Houten, Netherlands: Where Cars and Bikes Coexist
First developed in the 1980s, Houten and adjacent town South Houten now house 50,000 residents. But with 66 percent of trips made by alternate modes, Houten isn't your typical suburb.
Eric Jaffe describes how Houten's layout restricts automobile movement: "Car traffic is primarily resigned to a 'ring road' that encircles the area. Within that ring is a network of low-speed streets meant primarily for people traveling on foot or by bike (there are 80 miles of bicycle paths alone) that connect to two main intercity train stations and most of the area's schools and shops."
If they commute to other areas by car, arriving drivers "exit the ring roads onto local streets in the core of Houten that extend into individual neighborhoods but don't connect to other parts of town. To get somewhere else by car, you have to get back on the ring road."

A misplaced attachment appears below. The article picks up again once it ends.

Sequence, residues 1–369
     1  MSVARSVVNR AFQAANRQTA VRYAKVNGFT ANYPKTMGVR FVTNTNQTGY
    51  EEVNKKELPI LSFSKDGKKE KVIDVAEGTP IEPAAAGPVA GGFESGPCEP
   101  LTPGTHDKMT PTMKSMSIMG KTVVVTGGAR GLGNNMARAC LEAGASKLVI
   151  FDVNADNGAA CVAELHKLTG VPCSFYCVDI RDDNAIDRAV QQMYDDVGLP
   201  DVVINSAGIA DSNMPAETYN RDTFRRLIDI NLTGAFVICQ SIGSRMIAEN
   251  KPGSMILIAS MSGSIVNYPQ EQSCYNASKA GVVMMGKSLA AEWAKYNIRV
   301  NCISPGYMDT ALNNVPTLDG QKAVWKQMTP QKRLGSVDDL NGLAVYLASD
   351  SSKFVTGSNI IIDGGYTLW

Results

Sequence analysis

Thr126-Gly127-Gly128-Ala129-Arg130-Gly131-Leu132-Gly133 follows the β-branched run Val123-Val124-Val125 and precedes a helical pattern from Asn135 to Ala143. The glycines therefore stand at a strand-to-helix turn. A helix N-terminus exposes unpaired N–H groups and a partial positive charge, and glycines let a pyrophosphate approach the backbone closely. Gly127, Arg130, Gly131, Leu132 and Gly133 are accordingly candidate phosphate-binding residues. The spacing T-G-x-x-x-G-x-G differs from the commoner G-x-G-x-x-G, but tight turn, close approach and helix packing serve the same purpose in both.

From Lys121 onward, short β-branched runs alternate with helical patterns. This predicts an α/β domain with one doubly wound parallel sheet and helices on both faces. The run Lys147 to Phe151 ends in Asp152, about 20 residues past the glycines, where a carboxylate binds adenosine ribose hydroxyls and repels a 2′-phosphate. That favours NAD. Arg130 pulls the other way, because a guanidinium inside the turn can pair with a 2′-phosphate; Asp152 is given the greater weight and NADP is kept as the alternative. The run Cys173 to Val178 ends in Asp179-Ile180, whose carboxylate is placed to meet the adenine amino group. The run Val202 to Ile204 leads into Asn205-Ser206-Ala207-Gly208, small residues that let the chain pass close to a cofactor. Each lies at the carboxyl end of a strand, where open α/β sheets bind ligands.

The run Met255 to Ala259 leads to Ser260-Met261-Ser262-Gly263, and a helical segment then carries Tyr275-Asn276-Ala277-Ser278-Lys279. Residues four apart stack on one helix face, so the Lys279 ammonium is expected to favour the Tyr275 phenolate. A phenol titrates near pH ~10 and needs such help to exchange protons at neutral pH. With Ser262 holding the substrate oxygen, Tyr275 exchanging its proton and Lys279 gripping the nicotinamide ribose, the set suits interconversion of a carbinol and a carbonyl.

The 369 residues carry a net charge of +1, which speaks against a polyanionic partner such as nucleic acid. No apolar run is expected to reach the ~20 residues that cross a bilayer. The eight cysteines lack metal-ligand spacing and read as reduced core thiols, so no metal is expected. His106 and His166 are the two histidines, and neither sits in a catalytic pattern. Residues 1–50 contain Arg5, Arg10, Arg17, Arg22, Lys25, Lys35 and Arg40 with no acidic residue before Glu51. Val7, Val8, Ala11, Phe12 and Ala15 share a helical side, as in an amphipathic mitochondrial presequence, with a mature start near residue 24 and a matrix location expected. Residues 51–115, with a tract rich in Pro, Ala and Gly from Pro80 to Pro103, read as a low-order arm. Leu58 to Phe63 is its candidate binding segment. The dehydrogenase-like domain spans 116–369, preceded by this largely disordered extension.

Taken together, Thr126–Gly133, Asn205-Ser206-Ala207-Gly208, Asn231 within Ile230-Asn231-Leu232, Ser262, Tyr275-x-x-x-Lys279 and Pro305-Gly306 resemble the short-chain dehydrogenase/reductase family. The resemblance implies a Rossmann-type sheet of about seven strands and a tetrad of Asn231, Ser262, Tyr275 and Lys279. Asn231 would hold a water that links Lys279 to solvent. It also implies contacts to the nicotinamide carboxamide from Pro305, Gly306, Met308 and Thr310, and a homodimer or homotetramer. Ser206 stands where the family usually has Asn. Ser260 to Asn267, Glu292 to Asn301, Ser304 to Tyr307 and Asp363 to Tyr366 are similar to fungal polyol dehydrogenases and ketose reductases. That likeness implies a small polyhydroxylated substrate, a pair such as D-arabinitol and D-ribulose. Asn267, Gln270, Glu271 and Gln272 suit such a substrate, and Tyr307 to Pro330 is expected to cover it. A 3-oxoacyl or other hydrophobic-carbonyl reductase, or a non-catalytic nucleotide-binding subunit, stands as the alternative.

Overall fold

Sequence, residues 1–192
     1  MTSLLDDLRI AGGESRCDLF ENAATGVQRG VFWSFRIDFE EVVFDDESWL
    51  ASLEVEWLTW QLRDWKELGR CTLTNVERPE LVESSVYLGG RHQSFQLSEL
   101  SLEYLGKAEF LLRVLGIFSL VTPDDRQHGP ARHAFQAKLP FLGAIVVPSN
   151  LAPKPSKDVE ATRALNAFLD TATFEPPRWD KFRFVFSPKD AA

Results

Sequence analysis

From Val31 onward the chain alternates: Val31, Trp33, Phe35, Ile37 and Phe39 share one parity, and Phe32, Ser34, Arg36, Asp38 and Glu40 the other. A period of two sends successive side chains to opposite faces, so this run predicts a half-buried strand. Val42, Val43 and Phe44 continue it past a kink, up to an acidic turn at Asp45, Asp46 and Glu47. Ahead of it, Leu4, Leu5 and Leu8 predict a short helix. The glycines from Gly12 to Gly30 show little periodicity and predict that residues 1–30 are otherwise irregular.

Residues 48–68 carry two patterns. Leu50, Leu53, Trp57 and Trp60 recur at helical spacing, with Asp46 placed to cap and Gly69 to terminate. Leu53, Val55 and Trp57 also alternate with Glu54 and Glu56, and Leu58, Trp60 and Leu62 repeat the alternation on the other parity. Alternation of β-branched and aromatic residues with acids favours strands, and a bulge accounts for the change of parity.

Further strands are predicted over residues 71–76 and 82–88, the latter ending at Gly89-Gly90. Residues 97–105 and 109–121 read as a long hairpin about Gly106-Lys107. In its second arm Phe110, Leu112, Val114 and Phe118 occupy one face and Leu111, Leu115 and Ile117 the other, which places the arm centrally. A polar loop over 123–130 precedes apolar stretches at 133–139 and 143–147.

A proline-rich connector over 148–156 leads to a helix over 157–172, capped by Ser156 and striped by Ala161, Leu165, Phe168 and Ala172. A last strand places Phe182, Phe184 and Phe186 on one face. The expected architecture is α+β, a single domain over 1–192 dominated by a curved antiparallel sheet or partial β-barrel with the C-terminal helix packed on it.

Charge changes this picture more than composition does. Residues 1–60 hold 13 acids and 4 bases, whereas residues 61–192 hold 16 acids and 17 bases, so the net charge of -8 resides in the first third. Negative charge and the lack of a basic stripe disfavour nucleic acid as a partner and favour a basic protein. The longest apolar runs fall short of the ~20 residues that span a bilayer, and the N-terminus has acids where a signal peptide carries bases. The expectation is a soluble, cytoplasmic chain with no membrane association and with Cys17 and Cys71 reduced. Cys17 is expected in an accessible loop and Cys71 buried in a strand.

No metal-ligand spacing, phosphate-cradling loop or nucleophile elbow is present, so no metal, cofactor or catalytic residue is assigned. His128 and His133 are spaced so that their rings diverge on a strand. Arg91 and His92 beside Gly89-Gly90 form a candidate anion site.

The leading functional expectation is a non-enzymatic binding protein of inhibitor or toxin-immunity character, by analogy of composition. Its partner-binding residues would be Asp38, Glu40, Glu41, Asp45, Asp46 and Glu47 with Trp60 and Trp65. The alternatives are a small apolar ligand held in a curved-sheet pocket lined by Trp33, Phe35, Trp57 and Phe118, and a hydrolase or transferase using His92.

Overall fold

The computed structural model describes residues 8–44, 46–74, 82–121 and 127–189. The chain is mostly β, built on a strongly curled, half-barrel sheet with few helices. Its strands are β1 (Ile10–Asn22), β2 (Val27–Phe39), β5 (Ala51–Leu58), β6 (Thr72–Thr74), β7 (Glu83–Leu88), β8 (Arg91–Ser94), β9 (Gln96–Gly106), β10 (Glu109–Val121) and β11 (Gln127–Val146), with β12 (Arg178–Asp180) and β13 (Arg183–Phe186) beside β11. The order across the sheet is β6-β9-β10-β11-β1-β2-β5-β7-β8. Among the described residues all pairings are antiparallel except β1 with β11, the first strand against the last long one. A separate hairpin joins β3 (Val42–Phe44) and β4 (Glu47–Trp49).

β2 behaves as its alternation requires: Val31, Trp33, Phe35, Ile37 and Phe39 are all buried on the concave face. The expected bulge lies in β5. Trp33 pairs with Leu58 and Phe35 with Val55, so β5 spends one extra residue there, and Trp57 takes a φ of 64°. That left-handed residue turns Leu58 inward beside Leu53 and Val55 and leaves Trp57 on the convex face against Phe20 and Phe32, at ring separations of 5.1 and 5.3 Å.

Other multi-modal planning features include comprehensive access to commuter rail, 18-mph speed limits, and streets reserved for walkers and cyclists. "The bike paths in the extensive cycling network have their own brick red coloring. Where bike routes do cross the ring roads, underpasses separate bike and car traffic."
It's doubtful whether the Houten model could work in the USA. To one American planner, Houten betrays a "Truman Show" artificiality: "Here you find a balanced transport system but little else." To be fair, longtime Houten residents probably feel differently about their home.